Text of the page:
[Solved] Using `whenJust`

Stack’s code makes a lot of use of base's when :: Applicative f => Bool -> f () -> f (). I wondered if there was a Applicative f => Maybe a -> (a -> f()) -> f () and Hoogle found whenJust from extra (already a dependency of Stack). So:

case mSomething of
  Nothing -> pure ()
  Just value -> do
    complicatedActionWith value

can become:

whenJust mSomething $ \value -> do
  complicatedActionWith value

Which, for me, is a more expressive syntax. My question is: Is there any downside with replacing the former form with the latter form? The former form appears a lot in Stack’s code.

EDIT: I suppose what I am really asking is: Can I safely assume that the compiler does not care, one way or the other?

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I wondered if there was a Applicative f => Maybe a -> (a -> f()) -> f ()

The answer is always traverse.

Well, flip traverse_ = for_ in this case.

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The Haddock documentation for whenJust does say it is a specialised for_.

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hah the other day I wanted a function :: Monoid a => Maybe a -> a; fromMaybe mempty

my work’s internal hoogle’s first result?

fold :laughing: love it

...or:
do value <- whenJust mSomething pure
   complicatedActionWith value

As @tdammers noted here, it will depend on what the previous programmers (and now yourself) consider to be important: in some places using the case-expression could be more informative; in other places: not so much. But I would tend to leave alone those places where detailed “walk-though” documentation exists - the writer of that documentation (and possibly the associated code) would have chosen that more verbose style for a reason…

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If by “the compiler does not care” you mean that it is able to optimise the latter to the former, then yes, the compiler does not care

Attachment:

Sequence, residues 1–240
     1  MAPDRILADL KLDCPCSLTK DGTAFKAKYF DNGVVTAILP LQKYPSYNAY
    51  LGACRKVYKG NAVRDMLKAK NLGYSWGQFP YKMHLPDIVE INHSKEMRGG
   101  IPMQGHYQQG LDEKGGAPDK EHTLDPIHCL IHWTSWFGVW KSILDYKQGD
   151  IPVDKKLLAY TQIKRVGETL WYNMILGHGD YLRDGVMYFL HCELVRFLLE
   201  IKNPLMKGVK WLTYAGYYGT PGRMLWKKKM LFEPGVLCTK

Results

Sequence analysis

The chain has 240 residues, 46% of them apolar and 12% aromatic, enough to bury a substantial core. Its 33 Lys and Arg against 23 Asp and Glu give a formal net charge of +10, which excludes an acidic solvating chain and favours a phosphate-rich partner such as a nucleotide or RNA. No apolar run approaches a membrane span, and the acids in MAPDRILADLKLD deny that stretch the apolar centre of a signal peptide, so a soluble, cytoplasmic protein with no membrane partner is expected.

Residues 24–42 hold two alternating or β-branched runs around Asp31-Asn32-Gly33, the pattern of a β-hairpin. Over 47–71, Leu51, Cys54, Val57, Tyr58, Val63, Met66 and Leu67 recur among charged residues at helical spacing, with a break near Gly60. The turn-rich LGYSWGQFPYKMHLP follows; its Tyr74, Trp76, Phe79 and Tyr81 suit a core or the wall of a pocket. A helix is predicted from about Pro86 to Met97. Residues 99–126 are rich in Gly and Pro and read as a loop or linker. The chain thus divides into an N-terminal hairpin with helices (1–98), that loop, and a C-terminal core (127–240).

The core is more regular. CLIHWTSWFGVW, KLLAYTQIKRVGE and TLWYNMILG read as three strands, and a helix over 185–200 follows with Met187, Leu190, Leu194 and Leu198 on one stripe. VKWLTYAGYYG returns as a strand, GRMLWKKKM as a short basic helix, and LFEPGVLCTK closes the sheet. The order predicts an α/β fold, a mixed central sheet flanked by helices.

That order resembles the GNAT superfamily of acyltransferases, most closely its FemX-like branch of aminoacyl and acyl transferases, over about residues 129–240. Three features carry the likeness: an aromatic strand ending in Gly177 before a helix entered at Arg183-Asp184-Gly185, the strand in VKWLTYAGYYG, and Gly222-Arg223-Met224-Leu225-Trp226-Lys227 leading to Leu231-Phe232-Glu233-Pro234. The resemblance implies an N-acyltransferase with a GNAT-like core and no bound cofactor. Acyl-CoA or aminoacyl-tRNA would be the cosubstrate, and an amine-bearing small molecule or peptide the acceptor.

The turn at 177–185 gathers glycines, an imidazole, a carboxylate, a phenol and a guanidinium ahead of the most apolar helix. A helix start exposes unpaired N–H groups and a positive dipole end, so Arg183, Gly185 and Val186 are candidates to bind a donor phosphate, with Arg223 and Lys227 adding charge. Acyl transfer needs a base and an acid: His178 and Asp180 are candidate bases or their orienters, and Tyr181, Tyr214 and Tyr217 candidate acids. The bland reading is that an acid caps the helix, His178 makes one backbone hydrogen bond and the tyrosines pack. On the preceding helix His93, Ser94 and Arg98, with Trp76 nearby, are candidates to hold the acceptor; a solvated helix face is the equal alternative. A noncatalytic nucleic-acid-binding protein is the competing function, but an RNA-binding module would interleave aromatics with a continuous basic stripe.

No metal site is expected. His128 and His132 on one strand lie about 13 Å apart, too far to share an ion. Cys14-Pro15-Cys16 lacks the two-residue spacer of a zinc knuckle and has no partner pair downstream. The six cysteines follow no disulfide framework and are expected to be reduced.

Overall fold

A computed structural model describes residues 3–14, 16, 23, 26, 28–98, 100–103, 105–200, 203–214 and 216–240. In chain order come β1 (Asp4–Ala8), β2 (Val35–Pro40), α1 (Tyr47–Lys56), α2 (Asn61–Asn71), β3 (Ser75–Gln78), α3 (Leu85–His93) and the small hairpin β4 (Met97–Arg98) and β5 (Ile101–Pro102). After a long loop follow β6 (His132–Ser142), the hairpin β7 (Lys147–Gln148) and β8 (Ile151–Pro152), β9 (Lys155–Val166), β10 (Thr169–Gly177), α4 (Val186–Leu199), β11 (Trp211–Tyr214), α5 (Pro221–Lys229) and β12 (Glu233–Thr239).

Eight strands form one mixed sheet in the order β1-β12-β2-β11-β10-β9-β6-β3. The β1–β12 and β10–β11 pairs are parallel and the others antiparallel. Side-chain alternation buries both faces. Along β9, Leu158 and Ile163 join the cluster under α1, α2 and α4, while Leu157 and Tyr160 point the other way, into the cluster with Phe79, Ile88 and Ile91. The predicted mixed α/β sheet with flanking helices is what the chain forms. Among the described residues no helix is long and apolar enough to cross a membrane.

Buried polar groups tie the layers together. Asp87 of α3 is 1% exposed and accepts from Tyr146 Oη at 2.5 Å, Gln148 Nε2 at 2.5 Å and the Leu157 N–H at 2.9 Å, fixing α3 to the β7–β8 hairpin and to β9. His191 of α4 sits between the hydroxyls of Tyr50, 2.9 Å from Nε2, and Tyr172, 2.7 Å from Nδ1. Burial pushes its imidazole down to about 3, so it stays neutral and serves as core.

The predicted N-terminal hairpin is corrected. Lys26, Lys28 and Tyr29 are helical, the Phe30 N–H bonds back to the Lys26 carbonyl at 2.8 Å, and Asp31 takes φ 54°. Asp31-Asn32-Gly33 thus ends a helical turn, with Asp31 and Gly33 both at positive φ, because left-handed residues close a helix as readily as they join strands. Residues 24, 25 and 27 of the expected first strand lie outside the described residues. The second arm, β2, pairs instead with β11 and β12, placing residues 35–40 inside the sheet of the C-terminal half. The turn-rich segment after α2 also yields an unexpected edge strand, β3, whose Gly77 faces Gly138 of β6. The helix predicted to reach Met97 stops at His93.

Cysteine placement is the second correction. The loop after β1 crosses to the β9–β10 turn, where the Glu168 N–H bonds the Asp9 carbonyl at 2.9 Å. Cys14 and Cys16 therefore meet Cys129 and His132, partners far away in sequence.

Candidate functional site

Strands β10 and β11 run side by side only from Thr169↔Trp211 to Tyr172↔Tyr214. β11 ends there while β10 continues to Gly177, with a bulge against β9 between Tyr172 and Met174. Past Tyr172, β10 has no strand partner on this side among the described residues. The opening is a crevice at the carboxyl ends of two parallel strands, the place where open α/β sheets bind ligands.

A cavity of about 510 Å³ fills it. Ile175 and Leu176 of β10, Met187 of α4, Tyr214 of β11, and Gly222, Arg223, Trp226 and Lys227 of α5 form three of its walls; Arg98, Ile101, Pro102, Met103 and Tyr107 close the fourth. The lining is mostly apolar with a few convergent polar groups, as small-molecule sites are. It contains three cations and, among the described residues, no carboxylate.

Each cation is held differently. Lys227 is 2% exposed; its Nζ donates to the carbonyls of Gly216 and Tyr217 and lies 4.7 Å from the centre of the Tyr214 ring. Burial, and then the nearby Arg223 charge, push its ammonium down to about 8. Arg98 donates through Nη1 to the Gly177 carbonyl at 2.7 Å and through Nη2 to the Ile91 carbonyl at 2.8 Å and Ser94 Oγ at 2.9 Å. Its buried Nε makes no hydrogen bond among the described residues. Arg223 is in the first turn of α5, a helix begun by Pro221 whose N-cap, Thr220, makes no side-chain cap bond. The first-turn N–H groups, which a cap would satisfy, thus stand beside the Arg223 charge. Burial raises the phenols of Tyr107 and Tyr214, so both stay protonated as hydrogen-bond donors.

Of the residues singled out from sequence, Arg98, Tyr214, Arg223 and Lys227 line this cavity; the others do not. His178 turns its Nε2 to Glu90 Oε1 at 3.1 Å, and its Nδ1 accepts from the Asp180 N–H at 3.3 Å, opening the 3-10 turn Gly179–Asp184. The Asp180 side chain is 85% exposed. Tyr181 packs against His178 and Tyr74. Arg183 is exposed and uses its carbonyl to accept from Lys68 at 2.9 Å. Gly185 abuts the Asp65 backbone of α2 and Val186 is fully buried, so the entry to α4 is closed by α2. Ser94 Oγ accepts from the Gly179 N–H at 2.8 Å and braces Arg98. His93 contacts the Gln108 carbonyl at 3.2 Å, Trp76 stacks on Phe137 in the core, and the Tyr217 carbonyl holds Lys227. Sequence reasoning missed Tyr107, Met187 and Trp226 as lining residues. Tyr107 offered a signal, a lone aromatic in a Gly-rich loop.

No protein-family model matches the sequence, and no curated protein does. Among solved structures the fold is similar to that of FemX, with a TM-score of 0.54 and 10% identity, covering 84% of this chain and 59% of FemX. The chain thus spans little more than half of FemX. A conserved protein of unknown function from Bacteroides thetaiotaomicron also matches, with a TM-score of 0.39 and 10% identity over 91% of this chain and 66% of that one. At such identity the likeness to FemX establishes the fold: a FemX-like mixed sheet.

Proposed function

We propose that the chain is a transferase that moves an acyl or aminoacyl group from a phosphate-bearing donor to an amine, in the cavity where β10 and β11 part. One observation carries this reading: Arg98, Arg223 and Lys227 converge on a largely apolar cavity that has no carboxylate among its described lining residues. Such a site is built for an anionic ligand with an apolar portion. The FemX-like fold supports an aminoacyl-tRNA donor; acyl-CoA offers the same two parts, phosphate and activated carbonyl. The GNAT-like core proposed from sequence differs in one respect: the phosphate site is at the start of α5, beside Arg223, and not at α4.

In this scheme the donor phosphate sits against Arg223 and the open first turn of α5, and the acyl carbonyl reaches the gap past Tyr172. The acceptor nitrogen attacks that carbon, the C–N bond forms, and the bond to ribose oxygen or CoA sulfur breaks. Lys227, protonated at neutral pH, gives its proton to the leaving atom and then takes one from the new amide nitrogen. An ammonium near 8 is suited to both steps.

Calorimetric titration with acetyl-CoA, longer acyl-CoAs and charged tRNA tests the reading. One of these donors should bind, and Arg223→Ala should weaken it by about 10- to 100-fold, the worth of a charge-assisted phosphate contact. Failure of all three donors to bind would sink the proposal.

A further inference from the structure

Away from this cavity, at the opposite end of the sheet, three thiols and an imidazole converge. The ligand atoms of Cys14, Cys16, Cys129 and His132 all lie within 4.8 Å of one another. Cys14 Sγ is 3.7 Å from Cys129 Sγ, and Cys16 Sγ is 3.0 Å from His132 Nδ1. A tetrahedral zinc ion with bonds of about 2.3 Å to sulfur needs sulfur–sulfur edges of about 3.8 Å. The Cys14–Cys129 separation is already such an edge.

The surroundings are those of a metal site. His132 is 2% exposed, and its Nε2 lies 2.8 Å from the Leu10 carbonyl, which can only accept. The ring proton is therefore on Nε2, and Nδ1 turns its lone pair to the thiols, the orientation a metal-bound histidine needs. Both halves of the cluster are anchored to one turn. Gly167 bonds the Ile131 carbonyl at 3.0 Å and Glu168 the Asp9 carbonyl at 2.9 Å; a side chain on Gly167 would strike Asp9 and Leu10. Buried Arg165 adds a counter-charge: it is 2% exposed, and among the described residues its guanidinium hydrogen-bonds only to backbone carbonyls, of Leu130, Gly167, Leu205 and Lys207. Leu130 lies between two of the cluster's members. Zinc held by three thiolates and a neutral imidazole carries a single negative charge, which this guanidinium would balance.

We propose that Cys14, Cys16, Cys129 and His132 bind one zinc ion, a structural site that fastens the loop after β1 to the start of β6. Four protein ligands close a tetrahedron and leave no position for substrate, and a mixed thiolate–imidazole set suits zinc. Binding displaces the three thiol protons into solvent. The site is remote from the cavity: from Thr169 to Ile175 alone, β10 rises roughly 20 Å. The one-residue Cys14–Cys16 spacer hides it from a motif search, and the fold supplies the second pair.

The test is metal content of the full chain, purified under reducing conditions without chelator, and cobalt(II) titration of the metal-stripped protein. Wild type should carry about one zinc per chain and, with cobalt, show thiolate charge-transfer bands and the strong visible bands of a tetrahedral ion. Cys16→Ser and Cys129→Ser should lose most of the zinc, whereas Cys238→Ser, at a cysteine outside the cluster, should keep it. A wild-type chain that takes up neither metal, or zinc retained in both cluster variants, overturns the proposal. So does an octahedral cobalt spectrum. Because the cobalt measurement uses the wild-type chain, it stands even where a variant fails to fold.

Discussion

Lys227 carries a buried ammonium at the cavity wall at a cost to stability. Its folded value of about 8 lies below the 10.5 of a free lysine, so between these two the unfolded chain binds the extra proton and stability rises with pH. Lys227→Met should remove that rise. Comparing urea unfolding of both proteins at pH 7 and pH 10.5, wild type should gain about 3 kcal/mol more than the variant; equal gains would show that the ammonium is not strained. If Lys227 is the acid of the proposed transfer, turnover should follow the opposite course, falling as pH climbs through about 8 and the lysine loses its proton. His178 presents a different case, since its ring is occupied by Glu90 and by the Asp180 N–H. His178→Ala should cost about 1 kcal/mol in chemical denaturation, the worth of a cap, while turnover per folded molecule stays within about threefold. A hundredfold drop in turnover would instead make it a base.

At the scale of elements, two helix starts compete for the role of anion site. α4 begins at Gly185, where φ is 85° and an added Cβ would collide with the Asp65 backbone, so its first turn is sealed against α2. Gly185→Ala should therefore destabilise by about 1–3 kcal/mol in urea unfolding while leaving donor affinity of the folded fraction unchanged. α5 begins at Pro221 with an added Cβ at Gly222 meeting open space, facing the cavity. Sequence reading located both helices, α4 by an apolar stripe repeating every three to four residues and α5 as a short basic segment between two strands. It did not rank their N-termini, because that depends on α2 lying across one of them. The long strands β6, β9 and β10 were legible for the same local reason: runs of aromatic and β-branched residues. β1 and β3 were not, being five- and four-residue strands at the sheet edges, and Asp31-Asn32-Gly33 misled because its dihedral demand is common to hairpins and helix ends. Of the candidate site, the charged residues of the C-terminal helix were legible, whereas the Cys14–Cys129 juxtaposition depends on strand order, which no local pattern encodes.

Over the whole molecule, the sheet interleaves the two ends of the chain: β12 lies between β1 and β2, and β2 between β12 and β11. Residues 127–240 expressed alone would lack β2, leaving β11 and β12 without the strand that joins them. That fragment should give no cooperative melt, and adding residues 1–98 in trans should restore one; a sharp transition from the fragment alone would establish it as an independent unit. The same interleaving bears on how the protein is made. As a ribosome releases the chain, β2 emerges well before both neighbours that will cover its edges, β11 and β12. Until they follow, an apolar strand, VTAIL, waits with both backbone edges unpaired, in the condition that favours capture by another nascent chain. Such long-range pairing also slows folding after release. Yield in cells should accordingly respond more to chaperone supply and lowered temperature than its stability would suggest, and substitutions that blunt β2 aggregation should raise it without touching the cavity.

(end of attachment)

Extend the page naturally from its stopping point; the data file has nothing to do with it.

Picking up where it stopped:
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I still would prefer whenJust over for_ here. It’s just more readable, it gives you more context. The same way I prefer map over fmap when I know I’m working with lists.

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For for_ (and other Foldable-related functions like length) I tend to use for_ @Maybe instead of whenJust. That gives a bit of context without having to remember the name of the specialized function.

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Me too. I have so many traverse_/fold/foldMaps written by a previous author on my current codebase at work, and it’s always very headscratching to understand what they mean.

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I feel like much crisis could be averted by having HLS inline the definition for you (and then you undo it).

Not an option for code review, though.

The Agda code base also uses whenJust (rather than for_), to improve readability.
We use whenJust a lot!

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I’m confused by this example. Wouldn’t value <- whenJust mSomething pure always return unit? value cant have a value if mSomething is Nothing

Hmm:

whenJust mg k = maybe (pure ()) k mg

              = case mg of Just x  -> k x
                           Nothing -> pure ()

…now to look at when:

when p s  = if p then s else pure ()
 -- or --
          = if p then k () else pure ()  {- if s = k () -}

Since in this case the continuation isn’t always used - yes, you’re correct; my “redundant continuation” heuristic doesn’t actually apply (for a change!).

You could write something like what you wrote if you sprinkle in the MaybeT transformer and an appropriate “handler”:

whenMaybeT :: Alternative f => MaybeT f () -> f ()
whenMaybeT (MaybeT m) = m >>= maybe empty pure

...

  whenMaybeT $ do value <- hoistMaybe mSomething
                  lift (complicatedActionWith value)

I guess Lean 4’s new do notation sugar could support something like that more elegantly.

No need for do notation sugar. One test of a good effect system is whether it supports this use case cleanly. Here’s what it looks like in my, unreleased, effect system, Bluefin:

withJump $ \j -> do
    value <- unwrapOrJumpTo j mSomething
    complicatedActionWith value
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Many thanks for the advice. I decided to make (and have now made) greater use of whenJust in Stack’s code.

1 Like